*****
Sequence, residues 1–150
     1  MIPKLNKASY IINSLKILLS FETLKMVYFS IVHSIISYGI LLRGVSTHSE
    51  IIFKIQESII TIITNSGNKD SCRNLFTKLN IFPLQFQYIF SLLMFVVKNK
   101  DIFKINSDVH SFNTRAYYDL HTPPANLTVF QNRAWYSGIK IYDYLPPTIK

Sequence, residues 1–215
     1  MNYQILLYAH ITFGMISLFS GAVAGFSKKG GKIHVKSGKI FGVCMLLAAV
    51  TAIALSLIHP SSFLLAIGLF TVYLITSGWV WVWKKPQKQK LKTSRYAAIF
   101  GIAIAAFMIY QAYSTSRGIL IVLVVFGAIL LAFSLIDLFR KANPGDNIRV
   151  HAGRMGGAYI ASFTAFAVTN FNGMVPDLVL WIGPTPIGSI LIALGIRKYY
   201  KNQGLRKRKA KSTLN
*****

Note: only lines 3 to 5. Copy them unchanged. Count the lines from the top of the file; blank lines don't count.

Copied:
    51  IIFKIQESII TIITNSGNKD SCRNLFTKLN IFPLQFQYIF SLLMFVVKNK
   101  DIFKINSDVH SFNTRAYYDL HTPPANLTVF QNRAWYSGIK IYDYLPPTIK

Sequence, residues 1–215